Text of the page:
Which interestingly corresponds to the GW 8 bit alphabet where 0x20 represents "1" , 0x40 represents "2" and so on. Now at this point we could decode any 2/101 packet to a correct MMSI as long as the payload didn't contain a 0x2 , 0x6 , 0xa or 0xe as each could represent one of two numbers. So we had loads of decodes where MMSIs contained the number 1 which should be a 9 and so on. Again Alan was able to use his expertise to would out what was what and so on. Then a couple of days ago I realised what was going on  and how it all worked. Basically when deciding if you need to use the alternate numbers you look a digit ahead (going from left to right) and if the digit is 0x8 or higher you use the alternate number.

The best way of illustrating this is with an example from the 2/101 packet at the start of this page. Its payload is ..


which when made into a single large number is ..

85 65 22 ac 66 66

starting from the left the number 8 represents a 3 and the number 5 a 6 , these need reversing so the MMSI starts "63". Next the 6 represents a 0 (as it is followed by 5 which is less than 8) and the 5 represents a 6. So at this point the MMSI is "6360". Now the 2 represents a 1 (as it is followed by another 2 which is less than 8) but the next 2 is followed by 0xa which is more than 8 so the alternate scheme is used and the number being represented is 9. Now our MMSI is "636091" next we have 0xa which is followed by 0xc so again the alternate scheme is used so we have a "9" and the 0xc represents a "2". Now the MMSI is "63609129". Now MMSIs always contain 9 digits so we have one left to go which is a 0x6 which is followed by a 0x6 so represents a "0". Thus our full MMSI is "636091290" which happens to be a Liberian flagged container ship CMA CGM PARSIFAL.

So there you go that is how it was done and I hope you have enjoyed this. Sorry for rambling on a bit and I hope this reads clearly but it isn't always easy to put a process like this into words.

 Once again many thanks to Alan W for all his help.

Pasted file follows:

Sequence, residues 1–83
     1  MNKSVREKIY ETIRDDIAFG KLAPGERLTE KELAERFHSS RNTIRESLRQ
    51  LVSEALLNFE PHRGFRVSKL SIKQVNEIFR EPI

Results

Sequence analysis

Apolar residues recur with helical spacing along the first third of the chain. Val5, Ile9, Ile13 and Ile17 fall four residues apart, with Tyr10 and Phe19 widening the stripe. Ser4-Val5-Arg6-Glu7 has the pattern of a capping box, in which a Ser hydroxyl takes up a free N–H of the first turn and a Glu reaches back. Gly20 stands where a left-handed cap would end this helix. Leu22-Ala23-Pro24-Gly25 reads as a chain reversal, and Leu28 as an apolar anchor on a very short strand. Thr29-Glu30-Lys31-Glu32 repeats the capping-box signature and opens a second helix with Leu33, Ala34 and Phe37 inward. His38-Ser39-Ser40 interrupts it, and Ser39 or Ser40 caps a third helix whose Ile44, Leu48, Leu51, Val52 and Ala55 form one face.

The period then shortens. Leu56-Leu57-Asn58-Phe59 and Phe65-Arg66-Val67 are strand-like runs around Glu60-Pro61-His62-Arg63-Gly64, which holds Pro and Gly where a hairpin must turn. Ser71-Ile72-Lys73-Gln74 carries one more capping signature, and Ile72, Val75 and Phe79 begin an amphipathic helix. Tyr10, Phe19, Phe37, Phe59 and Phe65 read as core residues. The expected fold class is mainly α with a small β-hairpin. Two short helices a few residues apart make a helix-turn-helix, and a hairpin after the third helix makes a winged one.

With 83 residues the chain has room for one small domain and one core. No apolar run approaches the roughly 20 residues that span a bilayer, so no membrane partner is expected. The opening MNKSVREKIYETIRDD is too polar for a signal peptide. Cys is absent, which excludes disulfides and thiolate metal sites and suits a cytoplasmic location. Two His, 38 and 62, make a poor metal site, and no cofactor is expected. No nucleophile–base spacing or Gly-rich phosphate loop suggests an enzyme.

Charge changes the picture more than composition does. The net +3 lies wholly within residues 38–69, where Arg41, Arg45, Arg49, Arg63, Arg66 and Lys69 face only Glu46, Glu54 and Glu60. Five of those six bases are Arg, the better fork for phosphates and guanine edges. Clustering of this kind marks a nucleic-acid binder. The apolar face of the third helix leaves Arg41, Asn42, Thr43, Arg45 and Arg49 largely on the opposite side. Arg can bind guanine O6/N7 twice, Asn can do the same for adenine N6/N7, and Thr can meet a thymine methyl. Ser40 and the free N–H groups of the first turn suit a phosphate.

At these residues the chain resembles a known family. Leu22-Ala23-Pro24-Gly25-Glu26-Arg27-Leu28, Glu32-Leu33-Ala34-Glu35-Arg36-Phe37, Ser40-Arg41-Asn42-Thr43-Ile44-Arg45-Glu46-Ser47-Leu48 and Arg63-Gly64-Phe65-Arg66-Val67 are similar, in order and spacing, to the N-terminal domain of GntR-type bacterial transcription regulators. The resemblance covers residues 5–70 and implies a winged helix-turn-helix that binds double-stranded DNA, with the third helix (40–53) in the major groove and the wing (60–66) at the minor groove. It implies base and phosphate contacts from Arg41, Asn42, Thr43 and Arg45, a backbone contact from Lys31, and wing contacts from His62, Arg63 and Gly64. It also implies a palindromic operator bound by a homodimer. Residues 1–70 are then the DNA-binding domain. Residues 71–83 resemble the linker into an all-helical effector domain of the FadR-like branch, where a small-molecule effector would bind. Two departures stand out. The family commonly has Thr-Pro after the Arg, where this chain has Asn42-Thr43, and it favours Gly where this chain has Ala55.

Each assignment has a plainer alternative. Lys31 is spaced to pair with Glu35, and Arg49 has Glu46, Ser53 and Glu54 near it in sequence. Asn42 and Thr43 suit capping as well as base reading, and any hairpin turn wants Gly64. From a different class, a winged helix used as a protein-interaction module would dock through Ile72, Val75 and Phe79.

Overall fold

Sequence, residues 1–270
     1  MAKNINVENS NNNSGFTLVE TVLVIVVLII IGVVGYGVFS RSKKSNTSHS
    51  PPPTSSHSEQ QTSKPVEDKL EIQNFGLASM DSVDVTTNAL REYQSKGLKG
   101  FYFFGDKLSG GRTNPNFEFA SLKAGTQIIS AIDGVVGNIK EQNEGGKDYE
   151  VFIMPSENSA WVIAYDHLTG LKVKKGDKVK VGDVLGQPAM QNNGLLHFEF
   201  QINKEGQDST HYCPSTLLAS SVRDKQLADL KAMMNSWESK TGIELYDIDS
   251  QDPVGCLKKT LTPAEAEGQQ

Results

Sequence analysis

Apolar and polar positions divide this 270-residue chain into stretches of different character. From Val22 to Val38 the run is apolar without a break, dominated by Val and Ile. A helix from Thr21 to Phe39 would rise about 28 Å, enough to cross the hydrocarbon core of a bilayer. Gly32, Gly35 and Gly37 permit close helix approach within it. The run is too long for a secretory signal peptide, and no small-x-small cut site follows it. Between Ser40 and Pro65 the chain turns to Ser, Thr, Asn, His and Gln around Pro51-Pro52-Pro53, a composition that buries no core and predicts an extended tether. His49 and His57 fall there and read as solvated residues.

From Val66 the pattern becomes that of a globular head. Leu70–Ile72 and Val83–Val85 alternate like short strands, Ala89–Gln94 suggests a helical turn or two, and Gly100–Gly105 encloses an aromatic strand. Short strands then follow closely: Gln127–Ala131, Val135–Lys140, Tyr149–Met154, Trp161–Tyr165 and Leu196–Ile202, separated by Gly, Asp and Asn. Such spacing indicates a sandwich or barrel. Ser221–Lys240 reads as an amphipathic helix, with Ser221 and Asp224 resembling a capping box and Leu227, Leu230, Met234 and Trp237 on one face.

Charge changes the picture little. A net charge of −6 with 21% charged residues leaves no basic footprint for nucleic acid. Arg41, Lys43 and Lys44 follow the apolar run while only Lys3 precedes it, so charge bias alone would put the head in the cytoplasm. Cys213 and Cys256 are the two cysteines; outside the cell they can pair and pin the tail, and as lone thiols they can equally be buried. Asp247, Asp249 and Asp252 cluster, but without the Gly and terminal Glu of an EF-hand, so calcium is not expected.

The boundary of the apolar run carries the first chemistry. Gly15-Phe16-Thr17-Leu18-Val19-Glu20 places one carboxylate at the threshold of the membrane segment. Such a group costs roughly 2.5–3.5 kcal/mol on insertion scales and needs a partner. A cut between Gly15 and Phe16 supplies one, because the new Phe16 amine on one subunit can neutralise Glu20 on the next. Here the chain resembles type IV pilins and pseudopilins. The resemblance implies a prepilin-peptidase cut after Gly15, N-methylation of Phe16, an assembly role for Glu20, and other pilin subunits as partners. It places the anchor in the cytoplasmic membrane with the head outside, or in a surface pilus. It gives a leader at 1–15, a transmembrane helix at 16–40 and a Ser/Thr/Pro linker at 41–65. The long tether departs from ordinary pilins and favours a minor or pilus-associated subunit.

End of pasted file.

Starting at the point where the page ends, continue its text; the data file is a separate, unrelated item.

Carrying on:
If you want to see the source code for Rivet this can be found here and a pre compiled JAR Java executable file can be download from here.

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Friday, 5 April 2013


One of the modes I was asked by Rivet users to support was Globe Wireless (GW) FSK. For those of you who have never heard of them before GW are a commercial company that provide communications services (using HF and satellite) to the shipping industry. You won't be surprised to hear that it is the HF modes that interest me. Now this is where things start to get complicated because GW doesn't just use one HF mode but multiple ones which include ..
  1. 100 baud FSK (200 Hz shift)
  2. 200 baud QPSK
  4. OFDM (22,24,26,28 and 30 carriers)
Now for the time being the mode that interests me is the 100 baud FSK one. This is frequently logged by hobbyists due to the fact that when they aren't sending traffic the shore stations transmit what are often called "Free Channel Markers". This consists of 144 bits (or 18 bytes) + a preamble and takes the form ..

20  38  a3  1f  6c  35  3b  4b  f2  f2  f2  cc  cc  cc  cc  cc  cc  ff

The first 11 bytes as well as the last byte (ff) are always the same and currently their meaning is not understood however the bytes numbered 12 to 17 are the ones indicate the GW shore station sending the transmission. In this case cc indicates the shore station is HEC in Bern , Switzerland. Rivet displays these channel markers in the following way ..

11:34:49 GW Free Channel Marker from Station Code 0xde (SAB, Goeteborg, Sweden)  20  38  a3  1f  6c  35  3b  4b  f2  f2  f2  de  de  de  de  de  de  ff 

These station indicator bytes are interesting though there are 255 possible values sometimes the same ones are used by different shore stations. 

In addition to the 144 bit free channel markers you will also see short 8 bit transmissions (which appear to always be 10010101) which are probably ACKs or acknowledgements that a transmission has been received and also 63 bit + preamble transmissions. It is the latter form of transmission which is the most interesting. These seem to take the form ..